When questioned on the clubs ambition, Fletcher left his allegiance in no doubt, saying “I like to think this is still the biggest club. What makes big clubs is history. Clubs can have money but this club’s history drives it forward. It has a great heritage of bringing through young players and what it has achieved in the past together with its fan base makes it the biggest club.

“I think we have spent money. Other teams have ridiculous amounts and will spend it and if you do that and sign big players you will improve. But maybe it takes a bit longer to get a team spirit and understanding of the way you play. Manchester United have got that.”

The underlying message was one of solidarity. One that translated onto the pitch on Wednesday night, with Nani patting the badge after scoring and Anderson doing likewise after being substituted. Are we to believe these two players, plucked from the conveyer belt of Portuguese football whose destination reads “South of Spain”, have fallen in love with all that is United as well as the Northern English weather? Maybe not, but there are two issues.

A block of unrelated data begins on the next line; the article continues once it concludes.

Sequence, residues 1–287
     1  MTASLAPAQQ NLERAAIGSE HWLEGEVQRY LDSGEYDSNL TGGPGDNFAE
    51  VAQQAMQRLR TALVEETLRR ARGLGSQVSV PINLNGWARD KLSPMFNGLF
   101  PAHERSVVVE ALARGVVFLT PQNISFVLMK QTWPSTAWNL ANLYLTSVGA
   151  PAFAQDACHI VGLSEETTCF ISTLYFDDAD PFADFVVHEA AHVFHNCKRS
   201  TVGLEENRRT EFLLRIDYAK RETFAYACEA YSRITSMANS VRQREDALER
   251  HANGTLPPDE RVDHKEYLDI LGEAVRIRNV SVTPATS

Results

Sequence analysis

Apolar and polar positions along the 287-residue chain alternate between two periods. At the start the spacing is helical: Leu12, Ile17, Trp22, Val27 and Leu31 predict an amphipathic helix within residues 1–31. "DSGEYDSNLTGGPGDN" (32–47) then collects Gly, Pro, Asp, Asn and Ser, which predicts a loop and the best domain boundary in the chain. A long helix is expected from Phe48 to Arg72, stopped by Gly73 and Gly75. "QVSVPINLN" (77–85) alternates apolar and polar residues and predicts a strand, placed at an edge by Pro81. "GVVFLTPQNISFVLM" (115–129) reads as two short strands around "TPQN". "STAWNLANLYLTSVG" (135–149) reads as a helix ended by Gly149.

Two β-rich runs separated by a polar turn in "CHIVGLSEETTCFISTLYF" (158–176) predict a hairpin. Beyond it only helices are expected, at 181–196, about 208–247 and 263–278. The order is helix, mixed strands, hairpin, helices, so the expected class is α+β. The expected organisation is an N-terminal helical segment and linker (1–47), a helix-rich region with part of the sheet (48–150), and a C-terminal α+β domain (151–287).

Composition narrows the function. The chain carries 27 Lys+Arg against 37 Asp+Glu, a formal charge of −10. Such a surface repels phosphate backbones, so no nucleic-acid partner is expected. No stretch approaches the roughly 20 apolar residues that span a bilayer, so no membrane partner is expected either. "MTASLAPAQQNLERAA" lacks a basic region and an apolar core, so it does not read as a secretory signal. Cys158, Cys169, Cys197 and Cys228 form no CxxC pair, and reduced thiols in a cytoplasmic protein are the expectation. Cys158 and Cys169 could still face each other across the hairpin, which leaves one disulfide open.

One is loving the club like Gary Neville does. If they do, then all the better. Second is loving your family, and what was clear to see on Wednesday night, was that this bunch of players, shorn of their Ronaldo, unable to call on Giggs, and altogether having a front line of the likes of Anderson, Nani and Michael Carrick – European Cup and multiple Premier League winners dismissed as not good enough – believe in each other. When Old Trafford responded, in the early stages, and the late stages, then the team was spurred on to produce its best football.